The EU parliament looks set to declare that there is no “sufficient progress” in the negotiations just as the PM takes to the podium to deliver her keynote address in Manchester.
Today David Davis and Michel Barnier struck a much more upbeat tone about the ongoing divorce talks, with both men saying progress had been made even though more work remains to be done.
But MEPs’ crudely engineered publicity stunt could sour that feel good factor, seemingly being timed deliberately to cause the prime minister maximum embarrassment at her own party’s gathering.
Ukip MEP Joanthan Arnott described the move as a “calculated slap in the face to UK” and said the vote had been brought forward 24 hours to make sure it could be squeezed in before the PM’s speech “despite criticism” from some quarters.
A draft agenda for the EU Parliament shows the full chamber is set to vote on the “State of play of negotiations with the United Kingdom” on Wednesday, October 4 at around noon Brussels time, 11am British time.
Mrs May is set to give her keynote address to the Tory party conference around an hour later, at 12.30pm British time, meaning delegates will have had just enough time to digest the result of the vote.
The agenda could be changed, but if it stays the same MEPs will vote on a draft resolution, compiled by the EU’s Brexit coordinator Guy Verhofstadt and his steering group, which contains a number of scathing criticism of UK negotiators.
It states the parliament “is of the opinion that in the fourth round of negotiations sufficient progress has not yet been made on citizens’ rights, Ireland and the Northern Ireland, and the settlement of the UK’s financial obligations”.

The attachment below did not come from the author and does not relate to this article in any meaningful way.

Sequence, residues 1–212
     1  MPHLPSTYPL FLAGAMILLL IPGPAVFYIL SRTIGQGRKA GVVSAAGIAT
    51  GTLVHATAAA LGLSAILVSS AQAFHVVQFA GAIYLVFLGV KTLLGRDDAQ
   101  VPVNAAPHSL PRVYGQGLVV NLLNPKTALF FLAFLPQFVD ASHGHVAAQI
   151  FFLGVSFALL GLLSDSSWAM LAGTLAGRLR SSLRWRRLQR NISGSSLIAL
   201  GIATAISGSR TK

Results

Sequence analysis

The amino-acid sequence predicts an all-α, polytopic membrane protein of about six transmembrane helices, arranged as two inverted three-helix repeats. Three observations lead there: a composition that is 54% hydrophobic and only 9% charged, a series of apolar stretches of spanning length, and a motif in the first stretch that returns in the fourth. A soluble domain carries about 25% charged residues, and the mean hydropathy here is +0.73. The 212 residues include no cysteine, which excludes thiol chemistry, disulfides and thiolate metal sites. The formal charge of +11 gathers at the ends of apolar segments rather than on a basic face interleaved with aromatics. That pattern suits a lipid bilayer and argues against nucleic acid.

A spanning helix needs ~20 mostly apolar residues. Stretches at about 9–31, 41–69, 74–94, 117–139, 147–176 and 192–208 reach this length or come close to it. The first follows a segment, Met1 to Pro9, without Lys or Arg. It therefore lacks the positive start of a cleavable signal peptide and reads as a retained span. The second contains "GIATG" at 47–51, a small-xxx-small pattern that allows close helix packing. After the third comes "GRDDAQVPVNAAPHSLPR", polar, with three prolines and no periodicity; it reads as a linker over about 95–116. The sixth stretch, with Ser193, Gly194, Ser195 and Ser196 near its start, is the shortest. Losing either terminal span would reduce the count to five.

The resolution also “calls on the European Council, unless there is a major breakthrough in line with this resolution in all three areas during the fifth negotiation round, to decide at its October meeting to postpone its assessment on whether sufficient progress has been made”.
Mr Barnier and Mr Davis and their teams are set to meet for one more round of negotiations, in mid-October, before a meeting of the EU27 at the end of the month at which an update on the Brexit talks will be delivered.
The Frenchman is expected to recommend that there is no sufficient progress yet but that steps are being made. EU Council chief Donald Tusk said the same thing following a meeting with Mrs May in Downing Street earlier this week.
However, the EU’s chief negotiator was notably more upbeat about the talks during today’s press conference than at the end of previous rounds, saying the PM’s speech in Florence had created a “new dynamic”.
Observers noted that Mr Barnier used much more sympathetic language towards the UK and threw in several glowing references Mrs May – seemingly a diplomatic attempt to give her a boost before a Tory conference at which some disgruntled hard Brexiteers may attempt to cause mischief.
In contrast to that tone the resolution to be put before the EU parliament, which is the most hardline of all the bloc’s institutions, is more scathing in its assessment of Britain’s efforts to date.
On citizens’ rights, it says that MEPs are “of the opinion that the United Kingdom’s proposals falls short in that respect, not least as regards the proposal to create a new category of ‘settled status’ under UK immigration law”.
It also “expresses concern about regrettable administrative practices against EU citizens living in the United Kingdom” – a reference to deportation letters mistakenly sent out to European nationals.
On the Brexit bill, the resolution “underlines so far the absence of any clear proposals has seriously impeded the negations and that substantial progress in that area is required”.
And on Ireland it contains implicit criticism of the Government’s plans for a seamless border after Brexit, drily observing that this appears to “presume that the UK stays in the internal market and customs union or that Northern Ireland stays in some form in the internal market and customs union”.
Sufficient progress is on the three key divorce issues – citizens’ rights, the financial settlement and Ireland – is required before talks can move onto trade. It is exclusively down to the EU Council of 27 member states to deem when this has been achieved, although the EU Parliament will have a veto on the final deal reached between Britain and the EU.